Yom Kippur in the Age of Cancel Culture

When “cancelation,” in the sense of public shaming and exile from polite society, first entered Americans’ vocabulary, it was a phenomenon limited to celebrities. Since then, even ordinary people have lost their jobs or suffered other real-word consequences for the slightest infractions. And although the cancelers have become adept at doling out punishment, there is yet to be an equivalent process of rehabilitation or absolution. David Wolpe, contemplating the case of a friend who has been “canceled”—with good reason, in Wolpe’s evaluation—looks to what Yom Kippur, a holiday of forgiveness, can teach our unforgiving culture.

There will always be things we cannot fully forgive and people who do not deserve to be restored to good reputation. And forgiving someone does not necessarily mean readmitting that person to your life. In most cases, however, Jewish teachings insist that fair judgment does not require damnation.

Judaism offers a series of ideas and guidelines for how to cope with offense and foster forgiveness. On Yom Kippur, it’s traditional to wear white, not only because white shows the slightest stain, but to remind us of the shrouds in which we will one day be buried. We do not have forever; we must struggle to right our souls now.

The Hebrew word for repentance, t’shuvah, also means “return.” To repent is to return to what once was, what became hidden through coarseness or impulse. It is also to return to God and to the community. But slow, careful restoration takes time. The one who is sorry today and expects to stride right back, unblemished, is naïve or conniving.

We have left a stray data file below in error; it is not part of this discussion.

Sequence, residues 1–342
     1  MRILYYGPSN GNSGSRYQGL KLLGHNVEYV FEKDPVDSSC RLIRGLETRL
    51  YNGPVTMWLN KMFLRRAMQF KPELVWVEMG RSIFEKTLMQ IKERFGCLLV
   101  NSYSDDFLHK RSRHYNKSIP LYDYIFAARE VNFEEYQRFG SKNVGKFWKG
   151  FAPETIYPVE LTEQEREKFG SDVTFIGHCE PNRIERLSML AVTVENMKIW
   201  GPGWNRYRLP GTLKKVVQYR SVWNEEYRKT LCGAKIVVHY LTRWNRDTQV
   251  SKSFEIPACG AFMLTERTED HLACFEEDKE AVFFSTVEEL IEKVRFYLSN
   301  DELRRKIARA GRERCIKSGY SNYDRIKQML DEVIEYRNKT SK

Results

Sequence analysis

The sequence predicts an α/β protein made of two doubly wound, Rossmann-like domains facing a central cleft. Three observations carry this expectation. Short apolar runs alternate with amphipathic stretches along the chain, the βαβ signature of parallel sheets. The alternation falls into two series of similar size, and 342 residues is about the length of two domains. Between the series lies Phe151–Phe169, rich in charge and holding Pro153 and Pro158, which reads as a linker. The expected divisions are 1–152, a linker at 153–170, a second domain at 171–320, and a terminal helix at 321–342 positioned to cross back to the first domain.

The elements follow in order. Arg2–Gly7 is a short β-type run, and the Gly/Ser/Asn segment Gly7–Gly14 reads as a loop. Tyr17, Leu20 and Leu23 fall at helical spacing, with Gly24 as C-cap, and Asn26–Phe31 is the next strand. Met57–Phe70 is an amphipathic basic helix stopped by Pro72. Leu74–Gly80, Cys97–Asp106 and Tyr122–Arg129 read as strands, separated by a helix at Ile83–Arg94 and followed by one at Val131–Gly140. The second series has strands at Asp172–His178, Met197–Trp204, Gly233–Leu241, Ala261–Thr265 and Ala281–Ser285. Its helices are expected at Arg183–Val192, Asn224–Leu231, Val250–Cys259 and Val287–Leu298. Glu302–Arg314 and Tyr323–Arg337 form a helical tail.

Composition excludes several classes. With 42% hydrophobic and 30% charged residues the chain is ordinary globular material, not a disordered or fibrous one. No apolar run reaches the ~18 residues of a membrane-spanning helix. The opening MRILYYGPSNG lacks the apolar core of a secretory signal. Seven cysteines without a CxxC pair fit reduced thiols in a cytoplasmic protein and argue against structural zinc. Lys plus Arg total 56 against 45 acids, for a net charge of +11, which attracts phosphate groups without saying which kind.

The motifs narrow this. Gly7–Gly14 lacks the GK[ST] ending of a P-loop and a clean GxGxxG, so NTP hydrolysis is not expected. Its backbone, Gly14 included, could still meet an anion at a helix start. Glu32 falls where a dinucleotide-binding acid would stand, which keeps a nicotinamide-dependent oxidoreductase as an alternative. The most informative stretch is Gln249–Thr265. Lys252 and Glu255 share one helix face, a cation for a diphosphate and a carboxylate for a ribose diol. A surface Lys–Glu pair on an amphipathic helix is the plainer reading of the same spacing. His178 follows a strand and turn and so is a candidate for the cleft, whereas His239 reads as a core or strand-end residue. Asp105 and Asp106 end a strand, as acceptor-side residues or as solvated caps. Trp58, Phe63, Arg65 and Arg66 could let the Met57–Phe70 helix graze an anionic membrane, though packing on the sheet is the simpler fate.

Public shame is a powerful and sometimes necessary punishment. . . . But it can also be brutal, and I believe that too often, lifetimes are remembered by their worst moments, and complex personalities reduced to their basest elements.

Read more at New York Times

More about: Cancel culture, Repentance, Yom Kippur

Hizballah Is Learning Israel’s Weak Spots

On Tuesday, a Hizballah drone attack injured three people in northern Israel. The next day, another attack, targeting an IDF base, injured eighteen people, six of them seriously, in Arab al-Amshe, also in the north. This second attack involved the simultaneous use of drones carrying explosives and guided antitank missiles. In both cases, the defensive systems that performed so successfully last weekend failed to stop the drones and missiles. Ron Ben-Yishai has a straightforward explanation as to why: the Lebanon-backed terrorist group is getting better at evading Israel defenses. He explains the three basis systems used to pilot these unmanned aircraft, and their practical effects:

These systems allow drones to act similarly to fighter jets, using “dead zones”—areas not visible to radar or other optical detection—to approach targets. They fly low initially, then ascend just before crashing and detonating on the target. The terrain of southern Lebanon is particularly conducive to such attacks.

But this requires skills that the terror group has honed over months of fighting against Israel. The latest attacks involved a large drone capable of carrying over 50 kg (110 lbs.) of explosives. The terrorists have likely analyzed Israel’s alert and interception systems, recognizing that shooting down their drones requires early detection to allow sufficient time for launching interceptors.

The IDF tries to detect any incoming drones on its radar, as it had done prior to the war. Despite Hizballah’s learning curve, the IDF’s technological edge offers an advantage. However, the military must recognize that any measure it takes is quickly observed and analyzed, and even the most effective defenses can be incomplete. The terrain near the Lebanon-Israel border continues to pose a challenge, necessitating technological solutions and significant financial investment.

Read more at Ynet

More about: Hizballah, Iron Dome, Israeli Security